27. 27. Technology Markets <ul><li>The technology markets comprise of products and services available on the outside world </li></ul><ul><li>To leverage information about external technology markets, senior managers must take several crucial steps: </li></ul><ul><li>They must a have regular process for assessing technologies </li></ul><ul><li>They must let business strategies drive the technologies implemented, as well as allowing important technologies to influence those strategies </li></ul><ul><li>They should engage all manager, not just a few specialists, in understanding and assessing potential useful technologies by following these steps: </li></ul><ul><ul><li>scan/identify new external technologies </li></ul></ul><ul><ul><li>create the business case for how to apply new technology </li></ul></ul><ul><ul><li>conduct technical and market analysis </li></ul></ul><ul><ul><li>implement and rollout technology </li></ul></ul><ul><ul><li>To monitor new technologies break them into categories based on their relationship with the organization’s work and then define IT as either, Infrastructure, current use, or innovative </li></ul></ul><ul><ul><li>Infrastructural capabilities such as communications, document processing and transaction processing include phones, voice networks, personal computers, fax machines etc. Establish common standard so that programs, documents and messages can be exchanged easily within the company </li></ul></ul>
  28. 28. Information Market <ul><li>Information markets include already-gathered information about external entities (such as customers or competitors) and aspects of the external environment itself (industry data standards, government reporting requirements or products and services compose of information). External information markets includes on-line databases, published works, opinions of experts and industrial leaders, political themes and currents, demographics, and trade show information. </li></ul>
  29. 29. Implementation <ul><li>Start with information management staff and information mapping </li></ul><ul><li>Capture and distribute information with high value and to motivate increase use of information and knowledge. Create a senior role (Chief Knowledge Officer) -- knowledge and information should be managed by all employees and the Chief’s role is to educate and influence them; create a process managers role, process analysts or processes specialist roles </li></ul><ul><li>Utilize your Project Management Office for all processes </li></ul><ul><li>Create a map-given a specified information domain which can be identified by an information strategy exercise--map could be completed in a couple of months. Start mapping key processes, or customers or products, or competitors </li></ul><ul><li>A high level of senior management awareness, support, and participation is necessary for the change program to be successful. Thus information need to be clarified as to what is being managed; and excessive structure and misplaced precision (for accuracy and definition) of information should be avoided. Also it is necessary to have a vision of what the organization will look like if everything goes right </li></ul><ul><li>Information providers must view their jobs as facilitators to support managers and employees. And they must build relations with various providers in the organization such as IT professionals, collectors and keepers of information (Project management officer), market researchers, and controllers (business managers, accountants, administrators ) </li></ul>
  30. 30. <ul><li>Create Value In Projects will generate positive values for management and stakeholders within a project. </li></ul><ul><li>      It will assist management in the project management of information through technology and people that will save management millions of dollars on unnecessary technology to employees who do not understand how to use information and technology effectively. </li></ul><ul><li>        Technical data will become more meaningful to users and designers since the information would be in its process format </li></ul><ul><li>        Better access to information in making decisions </li></ul><ul><li>        Information processes can be better evaluated with the project management processes (scope, cost, time, quality, procurement, human resources, communication, risk, and integration assessments) for its timeliness, accuracy, relevance, accessibility, engagement, applicability, and rarity </li></ul><ul><li>   from the environmental model and process open up a creative enterprise that gives effective ‘production/production capable balance’ thereby producing communication and information at higher level </li></ul>Benefits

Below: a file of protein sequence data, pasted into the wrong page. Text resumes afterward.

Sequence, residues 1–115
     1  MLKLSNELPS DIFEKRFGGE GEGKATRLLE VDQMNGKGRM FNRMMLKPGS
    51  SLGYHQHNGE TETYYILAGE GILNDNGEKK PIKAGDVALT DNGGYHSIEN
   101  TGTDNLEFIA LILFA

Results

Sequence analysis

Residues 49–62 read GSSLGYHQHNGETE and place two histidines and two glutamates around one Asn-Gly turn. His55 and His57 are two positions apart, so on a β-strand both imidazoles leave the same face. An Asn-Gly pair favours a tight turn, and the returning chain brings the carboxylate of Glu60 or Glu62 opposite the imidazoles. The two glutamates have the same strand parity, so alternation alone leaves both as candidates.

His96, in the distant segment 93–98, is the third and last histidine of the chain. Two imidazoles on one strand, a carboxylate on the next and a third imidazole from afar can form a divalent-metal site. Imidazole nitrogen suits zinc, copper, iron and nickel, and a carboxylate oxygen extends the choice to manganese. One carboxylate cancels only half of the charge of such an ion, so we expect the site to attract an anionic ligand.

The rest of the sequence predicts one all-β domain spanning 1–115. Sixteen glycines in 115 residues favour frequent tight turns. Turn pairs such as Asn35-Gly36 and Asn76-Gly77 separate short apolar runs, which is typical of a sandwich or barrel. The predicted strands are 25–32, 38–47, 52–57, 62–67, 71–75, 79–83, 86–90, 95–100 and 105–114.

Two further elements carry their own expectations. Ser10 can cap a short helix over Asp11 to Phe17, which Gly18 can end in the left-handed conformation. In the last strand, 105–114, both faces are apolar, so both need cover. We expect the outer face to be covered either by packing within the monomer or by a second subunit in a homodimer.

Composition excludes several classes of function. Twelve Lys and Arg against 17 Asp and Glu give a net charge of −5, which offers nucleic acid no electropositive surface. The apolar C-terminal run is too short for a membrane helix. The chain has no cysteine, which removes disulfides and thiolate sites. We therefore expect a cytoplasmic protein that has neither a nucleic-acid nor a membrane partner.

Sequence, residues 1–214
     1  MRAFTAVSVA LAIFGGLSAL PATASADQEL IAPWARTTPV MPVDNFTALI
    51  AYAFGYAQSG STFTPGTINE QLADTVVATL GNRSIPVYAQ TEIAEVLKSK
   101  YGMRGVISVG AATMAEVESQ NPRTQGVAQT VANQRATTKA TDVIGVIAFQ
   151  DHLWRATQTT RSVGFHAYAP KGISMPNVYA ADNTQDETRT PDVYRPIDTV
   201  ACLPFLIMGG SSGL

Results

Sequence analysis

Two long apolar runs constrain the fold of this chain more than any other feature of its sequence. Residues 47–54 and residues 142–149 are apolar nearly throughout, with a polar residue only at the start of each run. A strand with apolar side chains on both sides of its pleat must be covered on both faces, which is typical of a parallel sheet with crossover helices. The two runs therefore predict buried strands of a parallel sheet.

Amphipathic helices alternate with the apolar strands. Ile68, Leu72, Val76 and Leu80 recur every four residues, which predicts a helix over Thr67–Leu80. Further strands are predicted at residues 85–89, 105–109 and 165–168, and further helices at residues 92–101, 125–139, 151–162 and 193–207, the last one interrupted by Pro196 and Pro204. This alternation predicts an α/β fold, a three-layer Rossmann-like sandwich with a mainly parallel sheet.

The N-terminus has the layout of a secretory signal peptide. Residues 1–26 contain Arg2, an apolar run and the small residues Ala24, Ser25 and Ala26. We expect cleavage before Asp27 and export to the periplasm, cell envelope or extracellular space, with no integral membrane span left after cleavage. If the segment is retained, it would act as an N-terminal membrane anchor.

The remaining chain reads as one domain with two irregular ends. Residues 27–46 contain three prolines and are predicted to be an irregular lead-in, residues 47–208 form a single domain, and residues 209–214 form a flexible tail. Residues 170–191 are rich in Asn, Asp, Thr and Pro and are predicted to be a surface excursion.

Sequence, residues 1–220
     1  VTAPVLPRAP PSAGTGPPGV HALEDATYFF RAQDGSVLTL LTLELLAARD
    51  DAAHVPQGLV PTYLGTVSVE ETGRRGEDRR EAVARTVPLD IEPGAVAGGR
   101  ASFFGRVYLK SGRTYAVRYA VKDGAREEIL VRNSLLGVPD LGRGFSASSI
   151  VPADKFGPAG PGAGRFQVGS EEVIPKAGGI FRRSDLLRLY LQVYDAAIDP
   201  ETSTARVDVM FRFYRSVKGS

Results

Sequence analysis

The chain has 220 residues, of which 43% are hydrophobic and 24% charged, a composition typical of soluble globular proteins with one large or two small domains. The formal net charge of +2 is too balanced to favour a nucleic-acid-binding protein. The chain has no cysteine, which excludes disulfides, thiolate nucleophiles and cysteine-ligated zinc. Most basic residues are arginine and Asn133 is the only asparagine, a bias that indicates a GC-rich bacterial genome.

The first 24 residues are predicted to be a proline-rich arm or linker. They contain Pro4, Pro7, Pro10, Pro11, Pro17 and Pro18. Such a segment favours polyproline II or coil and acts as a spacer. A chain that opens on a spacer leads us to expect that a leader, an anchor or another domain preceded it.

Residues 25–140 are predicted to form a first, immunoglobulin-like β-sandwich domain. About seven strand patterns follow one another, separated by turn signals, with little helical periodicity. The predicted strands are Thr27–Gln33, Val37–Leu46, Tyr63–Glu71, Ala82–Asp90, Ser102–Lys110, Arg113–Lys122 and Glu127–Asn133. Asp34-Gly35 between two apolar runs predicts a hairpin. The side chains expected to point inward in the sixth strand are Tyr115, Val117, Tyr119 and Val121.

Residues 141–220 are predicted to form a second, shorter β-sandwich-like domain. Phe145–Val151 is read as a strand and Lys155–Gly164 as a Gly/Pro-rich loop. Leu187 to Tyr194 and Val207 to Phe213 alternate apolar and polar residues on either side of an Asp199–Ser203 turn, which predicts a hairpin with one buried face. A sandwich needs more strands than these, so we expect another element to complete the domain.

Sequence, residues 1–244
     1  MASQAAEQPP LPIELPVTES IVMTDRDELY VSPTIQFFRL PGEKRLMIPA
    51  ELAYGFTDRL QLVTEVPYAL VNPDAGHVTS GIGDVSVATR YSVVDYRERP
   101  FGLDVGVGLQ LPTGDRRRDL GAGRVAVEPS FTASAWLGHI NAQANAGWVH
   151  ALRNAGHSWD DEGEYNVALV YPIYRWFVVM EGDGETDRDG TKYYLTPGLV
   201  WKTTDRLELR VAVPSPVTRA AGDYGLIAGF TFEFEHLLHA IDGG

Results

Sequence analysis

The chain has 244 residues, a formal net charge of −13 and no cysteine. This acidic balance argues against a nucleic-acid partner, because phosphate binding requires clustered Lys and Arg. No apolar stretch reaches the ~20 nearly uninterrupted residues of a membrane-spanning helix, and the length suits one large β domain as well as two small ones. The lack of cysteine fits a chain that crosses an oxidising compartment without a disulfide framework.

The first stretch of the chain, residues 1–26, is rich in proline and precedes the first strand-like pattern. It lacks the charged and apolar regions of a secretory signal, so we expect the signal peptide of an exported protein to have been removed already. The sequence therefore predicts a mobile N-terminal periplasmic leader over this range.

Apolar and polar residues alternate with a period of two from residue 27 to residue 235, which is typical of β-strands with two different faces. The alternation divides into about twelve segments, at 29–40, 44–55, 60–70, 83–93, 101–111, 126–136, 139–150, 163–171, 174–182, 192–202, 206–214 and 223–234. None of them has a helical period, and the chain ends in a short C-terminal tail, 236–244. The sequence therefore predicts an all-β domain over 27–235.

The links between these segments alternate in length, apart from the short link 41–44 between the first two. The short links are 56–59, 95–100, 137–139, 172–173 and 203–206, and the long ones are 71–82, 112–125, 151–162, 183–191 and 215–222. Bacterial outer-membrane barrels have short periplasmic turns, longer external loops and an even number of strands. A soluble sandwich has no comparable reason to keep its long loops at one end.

31. 31. -benefits continues <ul><li>     </li></ul><ul><li>Better coordination of information strategy with Vendors and partnership proposals through project management proposals, integration processes /architecture and or model, business market readiness and conversion and technology support </li></ul><ul><li>       Managerial Information requirements can be better determined for production, sales and marketing, purchasing and logistics, and for planning </li></ul><ul><li>        Information behavior and culture will be better transferable for employees </li></ul><ul><li>        Besides Project management’s values, motivation and initiative, and leadership of interdependence will be created for win/win alternative in creating a better way for effective interpersonal skills. That is, one person’s success is not achieved at the expense or exclusion of the success of another. The benefits </li></ul>
  32. 32. References <ul><li>Clive Hazel, Social Issues and Technology--Impacts on the Socio-Technical Systems and the Organizational Environmental System , Course Coverage #430, DeVry, Chicago, 1997. </li></ul><ul><li>Thomas H Davenport and Laurence Prusak , Information Ecology: Mastering the Information Knowledge Environment, 1997 </li></ul><ul><li>Ernst & Young Center for Business Innovation, Mastering the Information Environment Research Note , 1993. </li></ul><ul><li>Ernst &Young Center for Business Case Study, Making Knowledge Known , 1994. </li></ul><ul><li>Steven Covey, Principle-Centered Leadership , 1980. </li></ul><ul><li>Sharon Mckinon and William Bruns, The Information Mosaic , Harvard Business School Press, 1992. . </li></ul><ul><li>Michael Porter, Competitive Strategy , New York, Information Mosaic , Harvard Business School Press, 1992. </li></ul><ul><li>Andrew Bartmess and Keith Cerny, Building Competitive Advantage through a Global Network Capabilities , California Management Review, 1990. </li></ul><ul><li>Vince Baraba, Meeting of the Minds: Creating the Market-Based Enterprise , Harvard Business School Press, 1995. </li></ul><ul><li>David W. DeLong, Identifying Effective Information Behaviors--An Exploratory Study </li></ul><ul><li>Robert Taylor , Value-Added Processses in Information Systems , Norwood, New Jersey, 1986. </li></ul>
  33. 33. Presenter’s Information <ul><li>Sonia Usih, PMP, MCPM, BSc. Eng. </li></ul><ul><li>Phone: (905) 428-2615  </li></ul><ul><li>Link: </li></ul><ul><li>E-Mail: [email_address] </li></ul>